Jots & Thoughts By Roberta Goodwin…

√ 2012 Senior Expo ~ The 3rdAnnual Senior Expo is over.  500 some-odd attendees enjoyed this information packed day! The ever-so-talented Senior Idol, Mr. Les Olsen, is crowned, the 55+ booth holders are packed up, the sponsors are – gratefully and extensively – thanked. Some of the people and volunteers who helped prepare for, and then worked the event are on vacation, and the rest have breathed a sigh of relief, all having gone through the preparations fairly non-stop through the last few months. Next year’s Expo will be in the planning stages soon!  Follow http://www.seniorfair.com for developments.

from Roberta Goodwin ~ Are you feeling as though your driving skills, reaction times, etc. are diminishing?  Maybe your legs are reacting more slowly than you’d like, making you think you’re a hazard on the road.  Or maybe it’s your reflexes?  Maybe you’ve got another condition or problem.  Are you dreading the day when you cannot drive your own car to appointments, shopping, visiting the family, and the like? Perhaps you will want to consider installing so-called “hand controls” for your car, as I am.  But it’s possible you don’t have a clue how to get this process started or who to contact.  Yours truly is the resident “disabled” commissioner, and I am facing that possibility, having a little bit of a tougher time these days moving my right leg/foot between the gas pedal and the brake as quickly as I’d like.  It understandably makes me nervous, so I’m checking out the possibility of installing hand controls for MY car.  I had the “driving evaluation” the other day from a Sacramento driving school, and I was able to practice with the controls to see what it’s like.  It’s both harder and easier than I thought.  I will keep you posted as I go through this process. Tip: it’s expensive, but what does independence cost?

√ MOTORIZED SCOOTER UPDATE, from Roberta Goodwin ~ Our previous post related the situation on their seemingly forever broken motorized cart issue. If you remember, I both called and wrote a letter to the district manager inModesto. In it, I suggested that the Sonora store was probably losing a good deal of money from the area’s disabled seniors who need to use it to get to the pharmacy and shop in their store. I recently got a call back from the District Manager who relayed the message that a new cart was on its way. One for our side, hey?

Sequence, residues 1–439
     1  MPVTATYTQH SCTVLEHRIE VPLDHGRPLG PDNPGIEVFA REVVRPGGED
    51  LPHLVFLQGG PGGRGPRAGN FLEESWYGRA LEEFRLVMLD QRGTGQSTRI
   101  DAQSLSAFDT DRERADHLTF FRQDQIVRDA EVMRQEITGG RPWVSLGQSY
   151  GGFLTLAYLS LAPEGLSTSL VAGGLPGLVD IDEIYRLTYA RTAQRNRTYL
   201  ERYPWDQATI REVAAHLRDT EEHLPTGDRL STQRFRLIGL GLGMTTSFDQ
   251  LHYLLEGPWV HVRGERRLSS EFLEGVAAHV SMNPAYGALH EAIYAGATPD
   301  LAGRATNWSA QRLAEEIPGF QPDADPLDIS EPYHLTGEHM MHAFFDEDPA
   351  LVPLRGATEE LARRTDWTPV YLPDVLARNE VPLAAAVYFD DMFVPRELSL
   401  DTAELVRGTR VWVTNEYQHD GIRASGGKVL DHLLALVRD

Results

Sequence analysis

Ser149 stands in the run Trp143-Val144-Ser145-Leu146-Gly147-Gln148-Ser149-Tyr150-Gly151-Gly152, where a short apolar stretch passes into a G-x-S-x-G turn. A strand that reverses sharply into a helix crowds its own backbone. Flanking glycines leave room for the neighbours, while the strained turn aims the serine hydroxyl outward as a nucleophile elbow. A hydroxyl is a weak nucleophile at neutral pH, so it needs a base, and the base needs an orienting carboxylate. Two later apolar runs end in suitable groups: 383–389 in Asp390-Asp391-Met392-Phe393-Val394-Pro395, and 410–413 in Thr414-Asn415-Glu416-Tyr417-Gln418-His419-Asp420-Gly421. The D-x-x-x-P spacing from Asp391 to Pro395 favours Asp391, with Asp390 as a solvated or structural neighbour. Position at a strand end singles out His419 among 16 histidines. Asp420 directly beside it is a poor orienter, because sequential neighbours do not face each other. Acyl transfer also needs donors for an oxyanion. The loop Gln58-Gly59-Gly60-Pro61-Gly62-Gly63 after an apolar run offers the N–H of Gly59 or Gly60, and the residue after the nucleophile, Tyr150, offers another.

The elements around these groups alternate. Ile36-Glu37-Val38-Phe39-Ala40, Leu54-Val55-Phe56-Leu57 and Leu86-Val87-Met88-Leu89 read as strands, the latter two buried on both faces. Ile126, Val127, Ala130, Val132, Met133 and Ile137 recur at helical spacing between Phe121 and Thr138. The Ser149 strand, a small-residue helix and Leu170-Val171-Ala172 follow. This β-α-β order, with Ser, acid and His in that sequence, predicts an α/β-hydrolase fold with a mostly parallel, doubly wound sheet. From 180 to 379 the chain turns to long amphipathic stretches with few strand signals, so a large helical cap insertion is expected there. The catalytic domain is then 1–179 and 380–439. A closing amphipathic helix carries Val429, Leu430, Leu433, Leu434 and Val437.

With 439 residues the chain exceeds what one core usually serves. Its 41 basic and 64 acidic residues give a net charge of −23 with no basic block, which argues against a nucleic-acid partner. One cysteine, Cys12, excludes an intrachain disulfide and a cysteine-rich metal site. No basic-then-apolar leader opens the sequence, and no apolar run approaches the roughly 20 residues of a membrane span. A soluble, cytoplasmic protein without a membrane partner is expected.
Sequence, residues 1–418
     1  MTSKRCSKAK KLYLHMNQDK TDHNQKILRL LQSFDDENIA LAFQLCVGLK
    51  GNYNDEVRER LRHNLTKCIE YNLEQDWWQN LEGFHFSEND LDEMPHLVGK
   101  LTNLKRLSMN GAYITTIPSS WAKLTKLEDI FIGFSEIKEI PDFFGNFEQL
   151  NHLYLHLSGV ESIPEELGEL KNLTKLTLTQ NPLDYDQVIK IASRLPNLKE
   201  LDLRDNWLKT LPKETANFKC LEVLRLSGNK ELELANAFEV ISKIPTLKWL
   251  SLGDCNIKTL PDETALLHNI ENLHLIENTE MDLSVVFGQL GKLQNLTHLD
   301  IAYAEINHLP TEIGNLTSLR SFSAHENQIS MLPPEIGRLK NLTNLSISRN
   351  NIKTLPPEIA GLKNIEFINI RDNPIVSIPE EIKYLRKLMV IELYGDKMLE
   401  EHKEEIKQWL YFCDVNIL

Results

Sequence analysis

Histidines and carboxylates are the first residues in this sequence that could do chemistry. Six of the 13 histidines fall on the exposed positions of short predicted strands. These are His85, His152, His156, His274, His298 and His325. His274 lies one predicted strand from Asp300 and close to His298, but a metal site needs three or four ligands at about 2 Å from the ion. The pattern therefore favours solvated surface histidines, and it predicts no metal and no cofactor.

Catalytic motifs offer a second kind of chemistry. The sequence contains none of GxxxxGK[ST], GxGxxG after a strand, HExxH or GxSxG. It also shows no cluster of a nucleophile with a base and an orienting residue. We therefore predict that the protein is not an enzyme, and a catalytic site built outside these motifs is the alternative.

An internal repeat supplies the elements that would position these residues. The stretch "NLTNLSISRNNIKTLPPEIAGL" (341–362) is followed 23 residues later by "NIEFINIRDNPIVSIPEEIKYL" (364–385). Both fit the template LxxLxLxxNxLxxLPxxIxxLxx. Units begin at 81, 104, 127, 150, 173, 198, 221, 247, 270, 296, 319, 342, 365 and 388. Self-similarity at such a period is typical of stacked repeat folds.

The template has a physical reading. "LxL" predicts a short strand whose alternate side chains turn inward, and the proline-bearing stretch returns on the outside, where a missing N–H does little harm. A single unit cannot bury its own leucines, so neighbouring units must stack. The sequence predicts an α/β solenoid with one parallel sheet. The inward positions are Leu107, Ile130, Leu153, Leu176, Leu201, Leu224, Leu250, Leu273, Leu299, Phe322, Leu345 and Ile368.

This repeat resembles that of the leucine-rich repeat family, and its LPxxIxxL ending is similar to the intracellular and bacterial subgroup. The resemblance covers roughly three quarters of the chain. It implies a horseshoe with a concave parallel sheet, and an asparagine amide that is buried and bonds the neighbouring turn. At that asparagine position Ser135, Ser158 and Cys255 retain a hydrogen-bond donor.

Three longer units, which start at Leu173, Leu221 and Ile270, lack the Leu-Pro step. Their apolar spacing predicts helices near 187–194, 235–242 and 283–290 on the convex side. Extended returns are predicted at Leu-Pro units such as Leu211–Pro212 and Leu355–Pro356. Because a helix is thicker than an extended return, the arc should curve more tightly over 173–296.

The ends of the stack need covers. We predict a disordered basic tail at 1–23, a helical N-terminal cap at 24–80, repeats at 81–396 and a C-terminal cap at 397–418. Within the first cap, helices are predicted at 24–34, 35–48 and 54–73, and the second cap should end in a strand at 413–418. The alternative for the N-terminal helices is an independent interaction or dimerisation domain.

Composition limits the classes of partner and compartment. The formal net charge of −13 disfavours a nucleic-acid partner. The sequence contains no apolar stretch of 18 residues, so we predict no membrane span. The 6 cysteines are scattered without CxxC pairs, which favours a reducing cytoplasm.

√ Computer training classes ~ are available locally for seniors and are provided by various local agencies, locations, trainers. See our tab this site.  In addition, Mymotherlode.com and the SeniorCenter have classes sometimes, call them for details. The opportunities provided by using a computer and the internet are numerous: One can pay bills online, saving postage and trips to the post office; using email and Facebook can help with isolation and loneliness; learning and using a computer’s various programs “exercises” the mind, and affords other advantages to exercising the brain. As far as cost goes, computers cost far less than just a few years ago, and donated computers are available from certain local agencies.  As well, keep in mind that when a family member or friend upgrades their computer, they might be willing to part with their old one, frequently still in good running order.

Scam report from AARP Outreach & Service a piece entitled “Affinity Fraud”… and how to avoid being a victim of these predators.  See: http://www.aarp.org/money/scams-fraud/info-01-2009/affinity_fraud.html

“Legal Matters” updated as of June 23, 2012

Here are some of the matters affecting seniors that the Tuolumne County Commission on Aging is currently following and concerned with (but NOT necessarily endorsing – see our disclaimer at the bottom of our blog).

1. Silver Alert SB 38: proposed by Sen. Elaine Alquist (D-San Jose) – was recently passed… Almost 600,000 individuals in California have Alzheimer’s disease. According to the Alzheimer’s Association, that number will grow to more than 1.1 million by 2030, and 6 in 10 people with Alzheimer’s will wander away from their homes or care facilities at some point. People with Alzheimer’s often lose their cognitive ability to remember when to eat and drink or protect themselves from extreme weather. Silver Alert would be similar to the successful Amber Alert program for children. More on it from http://en.wikipedia.org/wiki/Silver_AlertA Silver Alert is a public notification system in the United   States to broadcast information about missing persons – especially seniors with Alzheimer’s disease, dementia or other mental disabilities – in order to aid in their return. Silver Alerts use a wide array of media outlets—such as commercial radio stations, television stations, and cable TV—to broadcast information about missing persons. Silver Alerts also use variable-message signs on roadways to alert motorists to be on the lookout for missing seniors.

2. SB 810: as per – http://www.democraticunderground.com/101440504 As of Tuesday Jan 31, 2012 “Today SB 810, “Medicare for All” single payer legislation, was killed on the California Senate Floor. More about the bill from this website: http://californiaonecare.org/learn-more/sb-810/sb-810-overview

3. AB 1525: Financial Elder Abuse: Money Transmitters sponsored by Assembly member Michael Allen)… This bill requires that money wire transfer services be included in the definition of mandatory reporters of suspected financial elder abuse.

4. AB 2374: sponsored by Assembly member Roger Hernandez. Prohibits a consumer credit card reporting agency from charging a person who is 65 years old or older a fee when placing a security freeze on his or her credit report.

5. AB 1648: Brownley: The California Domestic Workers Bill of Rights, ftp://leginfo.public.ca.gov/pub/03-04/bill/sen/sb_1601-1650/sb_1648_cfa_20040618_120723_asm_comm.html